Despite the identification of the various components of the FA core complex, its role in the maintenance of genome stability remains unclear, because of the absence of functional domains in most of the core complex members. A notable exception is FANCM, an ortholog of the archaeal DNA repair protein HEF, which contains 2 conserved domains: a DEAH helicase domain in the N-terminus and an endonuclease domain in the C-terminus.15,16 The helicase domain is shared with yeast orthologs MPH1 (Saccharomyces cerevisiae) and FML1 (Schizosaccharomyces pombe), which play a regulatory role in homologous recombination repair by replication fork reversal and D-loop disruption.1719 HEF and MPH1 possess helicase activity,20,21 whereas for FANCM only translocase activity was observed.15 Purified FANCM also promotes branch migration of Holliday junctions and replication forks22 and remodels DNA replication structures,23 establishing a possible link between the FA pathway and DNA repair.

FANCM, initially known as FAAP250, was identified as a FANCA-interacting protein in an attempt to purify the FA core complex.24 FAAP250 was named FANCM after an unclassified FA patient (EUFA867) with biallelic mutations in the FAAP250-encoding gene was found.15 Lymphoblasts from this patient lacked FANCM protein expression and FANCD2 monoubiquitination. In addition, FANCA and FANCG levels were reduced and the nuclear localization of FANCA and FANCL was disturbed. EUFA867 had been excluded from other known complementation groups by linkage analysis, cell fusion, and cDNA transfection and was therefore assigned to a new complementation group FA-M. Curiously, experiments designed to complement cross-linker sensitivity in EUFA867 lymphoblasts with FANCM cDNA, have reproducibly failed.

We now report that EUFA867, in addition to biallelic FANCM mutations, also has biallelic mutations in FANCA. Correction of the FANCA defect revealed the features specific for FA-M cells, that is, hypersensitivity to DNA cross-linking agents and to the topoisomerase I inhibitor camptothecin, which could be rescued by ectopic expression of FANCM. At the molecular level, FANCM-deficient lymphoblasts show residual FANCD2 monoubiquitination, indicating that FANCM is required both for efficient FANCD2 monoubiquitination and in DNA repairs, later in the FA pathway.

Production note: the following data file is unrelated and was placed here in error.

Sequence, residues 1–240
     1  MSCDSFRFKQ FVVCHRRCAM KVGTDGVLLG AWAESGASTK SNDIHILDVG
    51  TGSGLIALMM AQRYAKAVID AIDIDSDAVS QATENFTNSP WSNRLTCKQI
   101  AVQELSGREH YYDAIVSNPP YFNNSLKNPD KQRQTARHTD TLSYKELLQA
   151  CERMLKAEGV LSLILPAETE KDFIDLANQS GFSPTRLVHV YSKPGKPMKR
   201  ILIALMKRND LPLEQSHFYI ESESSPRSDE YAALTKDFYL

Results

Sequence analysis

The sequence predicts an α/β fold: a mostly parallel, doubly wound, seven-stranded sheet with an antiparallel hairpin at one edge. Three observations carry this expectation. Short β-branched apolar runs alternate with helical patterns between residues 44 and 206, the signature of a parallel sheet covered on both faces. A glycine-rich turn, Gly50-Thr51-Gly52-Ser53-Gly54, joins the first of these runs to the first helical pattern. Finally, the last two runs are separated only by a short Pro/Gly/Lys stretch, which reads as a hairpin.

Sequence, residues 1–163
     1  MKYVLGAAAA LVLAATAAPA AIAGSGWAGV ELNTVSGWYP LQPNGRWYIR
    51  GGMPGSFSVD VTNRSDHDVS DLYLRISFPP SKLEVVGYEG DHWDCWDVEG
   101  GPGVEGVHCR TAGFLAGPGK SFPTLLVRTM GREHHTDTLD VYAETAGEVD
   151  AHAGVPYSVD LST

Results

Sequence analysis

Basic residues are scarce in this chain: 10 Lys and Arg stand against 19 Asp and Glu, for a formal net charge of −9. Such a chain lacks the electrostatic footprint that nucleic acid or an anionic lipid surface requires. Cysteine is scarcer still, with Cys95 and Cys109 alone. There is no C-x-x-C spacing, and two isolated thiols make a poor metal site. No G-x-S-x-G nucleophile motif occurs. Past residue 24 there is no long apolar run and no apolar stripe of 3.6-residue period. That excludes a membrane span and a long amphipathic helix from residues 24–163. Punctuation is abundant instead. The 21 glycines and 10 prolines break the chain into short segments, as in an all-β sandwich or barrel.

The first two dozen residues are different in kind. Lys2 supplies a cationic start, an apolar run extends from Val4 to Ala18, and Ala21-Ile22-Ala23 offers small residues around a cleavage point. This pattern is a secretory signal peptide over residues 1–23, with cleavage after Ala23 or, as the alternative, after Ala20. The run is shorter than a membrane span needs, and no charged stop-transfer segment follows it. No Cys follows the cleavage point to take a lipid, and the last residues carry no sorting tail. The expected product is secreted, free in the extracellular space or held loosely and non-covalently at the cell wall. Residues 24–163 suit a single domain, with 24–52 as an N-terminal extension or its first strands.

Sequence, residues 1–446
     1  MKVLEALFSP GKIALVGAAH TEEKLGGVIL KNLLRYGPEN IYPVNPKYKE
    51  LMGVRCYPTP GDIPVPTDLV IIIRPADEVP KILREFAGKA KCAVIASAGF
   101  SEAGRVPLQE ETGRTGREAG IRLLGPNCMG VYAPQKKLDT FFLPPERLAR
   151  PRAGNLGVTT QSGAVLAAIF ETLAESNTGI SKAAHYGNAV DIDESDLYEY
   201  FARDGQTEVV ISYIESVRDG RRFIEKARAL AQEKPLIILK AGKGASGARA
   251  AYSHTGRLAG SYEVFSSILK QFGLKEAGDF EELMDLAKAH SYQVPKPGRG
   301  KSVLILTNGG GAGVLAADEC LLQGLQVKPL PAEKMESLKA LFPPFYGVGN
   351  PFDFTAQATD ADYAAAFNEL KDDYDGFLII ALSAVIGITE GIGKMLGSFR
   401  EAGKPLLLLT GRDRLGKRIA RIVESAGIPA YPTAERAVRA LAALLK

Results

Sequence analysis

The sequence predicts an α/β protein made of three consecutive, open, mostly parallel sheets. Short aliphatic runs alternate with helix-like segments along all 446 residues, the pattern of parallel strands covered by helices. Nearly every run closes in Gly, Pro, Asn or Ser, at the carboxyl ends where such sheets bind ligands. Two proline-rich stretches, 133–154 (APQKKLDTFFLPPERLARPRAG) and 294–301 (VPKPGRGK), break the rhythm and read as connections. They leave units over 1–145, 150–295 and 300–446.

Methods

Cell lines and culture conditions

Epstein-Barr virus–transformed lymphoblasts were cultured in RPMI 1640 medium or Iscove modified Dulbecco medium supplemented with 10% fetal calf serum. EUFA867 lymphoblasts stably expressing FANCA were generated by electroporation of an episomal pMEP4 construct encoding FANCA with a C-terminal flag-tag and selection on hygromycin, by transduction with retroviral vector pMMP-FANCA and selection on puromycin, or by transduction with bicistronic retrovirus SF91-FANCA and sorting transduced EGFP positive by fluorescence-activated cell sorting (FACS). The mitomycin C (MMC)–, camptothecin-, and UV-induced growth inhibition assays as well as the cell fusions were performed as previously described.25

Retroviral infections

The pMIEG3 bicistronic retroviral vector, bicistronic retroviral vectors expressing FA proteins, and pMMP-FANCA have been described.26,27 FANCM was cloned into BamHI and XhoI sites of pMIEG3 to generate pMIEG3-FANCM. Similarly K117R-FANCM and delC-FANCM were subcloned into pMIEG3. Retroviral vectors SF91-FANCM (without IRES-EGFP) and SF91-FANCA (with IRES-EGFP) were also constructed.

To prepare transient amphotropic virus stocks, 293T cells (1.5 × 106) were plated in 10-cm dishes. The next day, cells were transfected with the retroviral expression vectors and the appropriate helper plasmid (gag-pol and RD114) using Lipofectamine 2000. The medium was changed 5 hours after transfection and retrovirus-containing medium was harvested in 12-hour increments at 24 hours after transfection.